Throughout time ponderous monsters have tread the pages of newspapers in the form of cartoons embodying social woes. Similarly, the question has risen as to whether the Snallygaster is itself an allegory for some political turmoil. Fearful and foreboding imaginings are by their very nature inherently symbolic and can represent different things to different people. In regards to the snallygaster being a personification of the evil of racism, such an argument is not without its merits.
In 1910 an analogously-titled beast makes an appearance in William T. Cox's book: Fearsome Creatures of the Lumberwoods
. This creature, dubbed the snoligoster, is aquatic rather than airborne, but shares both the snallygaster's taste for human blood and its half-serpentine nature.1
In addition to these traits both monsters share a bitter disposition toward African Americans suggestive of this metaphor.
In Maryland: A Guide to the Old Line State
, the author directly alludes to such attitudes by stating: 2
“In the Middletown Valley section of western Maryland the fabulous ‘snallygaster’ flies into a little settlement of log cabins that served as slave quarters prior to the Civil War. The great bird preys upon Negro children out after dark, and on occasion has even been known to carry off a full-grown man to its lair in the near-by mountains.”
It is worth noting that these previous lines, specifically the phrases "preys upon," "after dark" and "carry off," are highly suggestive of the practice of lynching. In the contemporary period so-called "sunset towns" were declared wherein African Americans would be barred from entering after nightfall. Any "violators" would be sought out by lynch mobs, dragged to a secluded location and "dealt" with. Even in Frederick County such practices were not unheard of and which represent perhaps the singular most, brutal and violent acts in the whole of American history. It only goes to follow that the question becomes why clothe atrocities in the form of a monster, why not just tell it like it is? Was the snallygaster a manifestation of the subconscious mind, a ruse to frighten the superstitious or a ploy to divert political reprisal?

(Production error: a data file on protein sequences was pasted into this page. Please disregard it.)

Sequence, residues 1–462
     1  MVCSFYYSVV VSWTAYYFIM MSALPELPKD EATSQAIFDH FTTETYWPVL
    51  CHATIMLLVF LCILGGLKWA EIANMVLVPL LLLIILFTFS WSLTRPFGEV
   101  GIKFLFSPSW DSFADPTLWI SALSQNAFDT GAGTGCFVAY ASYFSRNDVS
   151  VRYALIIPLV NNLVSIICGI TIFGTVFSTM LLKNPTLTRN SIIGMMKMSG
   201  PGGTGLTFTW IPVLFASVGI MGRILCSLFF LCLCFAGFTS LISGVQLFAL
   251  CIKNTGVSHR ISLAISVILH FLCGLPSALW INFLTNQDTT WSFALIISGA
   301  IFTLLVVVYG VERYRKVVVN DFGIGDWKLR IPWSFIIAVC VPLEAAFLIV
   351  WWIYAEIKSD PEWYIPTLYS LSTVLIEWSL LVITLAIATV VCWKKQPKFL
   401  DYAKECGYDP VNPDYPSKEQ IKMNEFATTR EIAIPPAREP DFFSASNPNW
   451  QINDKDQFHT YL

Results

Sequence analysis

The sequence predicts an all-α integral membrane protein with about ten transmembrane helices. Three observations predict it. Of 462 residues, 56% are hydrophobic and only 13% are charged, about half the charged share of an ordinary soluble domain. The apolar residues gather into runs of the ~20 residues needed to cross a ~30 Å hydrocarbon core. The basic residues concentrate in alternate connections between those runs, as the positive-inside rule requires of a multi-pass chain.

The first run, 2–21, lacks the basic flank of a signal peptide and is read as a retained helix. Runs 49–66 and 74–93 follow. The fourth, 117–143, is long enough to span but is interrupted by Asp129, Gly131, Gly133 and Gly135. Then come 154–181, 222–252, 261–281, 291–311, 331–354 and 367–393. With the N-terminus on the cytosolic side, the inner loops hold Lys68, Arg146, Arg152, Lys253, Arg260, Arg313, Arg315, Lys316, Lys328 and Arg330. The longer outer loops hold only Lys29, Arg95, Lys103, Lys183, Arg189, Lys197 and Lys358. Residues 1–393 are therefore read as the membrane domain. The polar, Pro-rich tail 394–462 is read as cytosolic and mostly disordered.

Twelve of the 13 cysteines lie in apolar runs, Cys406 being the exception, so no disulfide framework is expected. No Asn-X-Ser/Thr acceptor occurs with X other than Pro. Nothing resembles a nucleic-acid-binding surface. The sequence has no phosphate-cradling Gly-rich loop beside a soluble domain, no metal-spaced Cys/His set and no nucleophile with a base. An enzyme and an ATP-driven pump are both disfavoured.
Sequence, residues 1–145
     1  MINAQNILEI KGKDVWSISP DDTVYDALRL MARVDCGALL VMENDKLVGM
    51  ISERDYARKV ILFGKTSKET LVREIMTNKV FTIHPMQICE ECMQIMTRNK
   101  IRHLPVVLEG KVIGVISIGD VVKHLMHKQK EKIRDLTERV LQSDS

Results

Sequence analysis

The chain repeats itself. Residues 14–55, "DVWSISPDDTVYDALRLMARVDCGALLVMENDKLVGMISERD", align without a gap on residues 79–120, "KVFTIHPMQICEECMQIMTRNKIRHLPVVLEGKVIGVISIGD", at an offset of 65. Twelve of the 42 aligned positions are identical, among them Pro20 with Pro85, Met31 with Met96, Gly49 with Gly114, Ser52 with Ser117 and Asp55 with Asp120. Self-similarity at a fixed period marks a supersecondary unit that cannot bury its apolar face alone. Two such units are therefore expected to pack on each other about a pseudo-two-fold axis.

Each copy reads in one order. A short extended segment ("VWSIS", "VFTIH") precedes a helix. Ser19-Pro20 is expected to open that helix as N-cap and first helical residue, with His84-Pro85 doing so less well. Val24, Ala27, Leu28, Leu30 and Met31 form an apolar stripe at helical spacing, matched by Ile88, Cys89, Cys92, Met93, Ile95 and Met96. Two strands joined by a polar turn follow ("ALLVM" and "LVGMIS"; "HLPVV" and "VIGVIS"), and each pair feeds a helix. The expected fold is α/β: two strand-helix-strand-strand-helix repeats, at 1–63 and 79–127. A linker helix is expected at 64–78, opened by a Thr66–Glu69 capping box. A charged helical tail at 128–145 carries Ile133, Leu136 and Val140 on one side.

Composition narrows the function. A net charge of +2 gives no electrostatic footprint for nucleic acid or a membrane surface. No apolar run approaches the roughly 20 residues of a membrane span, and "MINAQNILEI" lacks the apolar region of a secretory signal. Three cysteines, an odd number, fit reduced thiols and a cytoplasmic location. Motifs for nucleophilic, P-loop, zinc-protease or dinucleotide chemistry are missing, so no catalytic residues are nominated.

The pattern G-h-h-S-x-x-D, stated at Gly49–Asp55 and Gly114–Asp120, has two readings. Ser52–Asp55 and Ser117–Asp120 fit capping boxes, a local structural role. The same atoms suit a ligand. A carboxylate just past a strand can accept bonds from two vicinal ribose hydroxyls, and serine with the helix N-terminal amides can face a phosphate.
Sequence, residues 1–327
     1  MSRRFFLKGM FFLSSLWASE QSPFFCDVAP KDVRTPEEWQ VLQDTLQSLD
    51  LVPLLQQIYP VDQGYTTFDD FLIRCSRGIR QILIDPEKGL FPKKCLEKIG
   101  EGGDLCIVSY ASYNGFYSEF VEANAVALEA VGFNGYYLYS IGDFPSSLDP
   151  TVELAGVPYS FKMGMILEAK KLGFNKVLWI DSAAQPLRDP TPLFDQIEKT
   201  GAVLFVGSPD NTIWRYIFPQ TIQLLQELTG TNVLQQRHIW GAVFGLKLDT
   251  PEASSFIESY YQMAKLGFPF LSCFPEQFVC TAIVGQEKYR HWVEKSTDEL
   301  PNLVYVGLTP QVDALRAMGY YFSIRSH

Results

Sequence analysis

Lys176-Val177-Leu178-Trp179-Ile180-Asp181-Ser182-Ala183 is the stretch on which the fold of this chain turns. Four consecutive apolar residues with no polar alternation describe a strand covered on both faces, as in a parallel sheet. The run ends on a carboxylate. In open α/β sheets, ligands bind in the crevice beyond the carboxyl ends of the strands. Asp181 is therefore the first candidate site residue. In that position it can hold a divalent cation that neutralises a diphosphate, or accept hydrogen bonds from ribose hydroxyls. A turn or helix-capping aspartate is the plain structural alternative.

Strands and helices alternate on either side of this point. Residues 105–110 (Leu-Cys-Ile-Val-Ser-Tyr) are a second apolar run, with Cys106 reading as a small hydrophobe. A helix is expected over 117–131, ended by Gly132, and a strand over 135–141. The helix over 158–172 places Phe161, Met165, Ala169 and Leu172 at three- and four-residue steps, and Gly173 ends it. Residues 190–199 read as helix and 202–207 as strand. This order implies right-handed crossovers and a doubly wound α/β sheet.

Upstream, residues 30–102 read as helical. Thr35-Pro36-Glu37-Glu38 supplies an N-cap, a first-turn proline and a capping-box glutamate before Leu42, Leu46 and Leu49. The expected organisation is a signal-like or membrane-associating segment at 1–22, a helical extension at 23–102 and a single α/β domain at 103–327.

Then again maybe the answer is simply that— monsters of the imagination are easier to accept than real ones.
See, the curious thing about folklore is how much truth there is behind it. Humans beings as a race tend to look away from terrifying realities, but are wholly willing to indulge frightening fantasies. So whenever one is confronted with something so terrible that people will never wish to mention it, but so important that everyone must know about it; than disgusing fact as fiction naturally becomes the choice means to reach such an objective.
1. William T. Cox, Fearsome Creatures of the Lumberwoods, with a Few Desert and Mountain Beasts (Washington: Judd & Detweiler, 1910), 15.
2. Pappas, 7.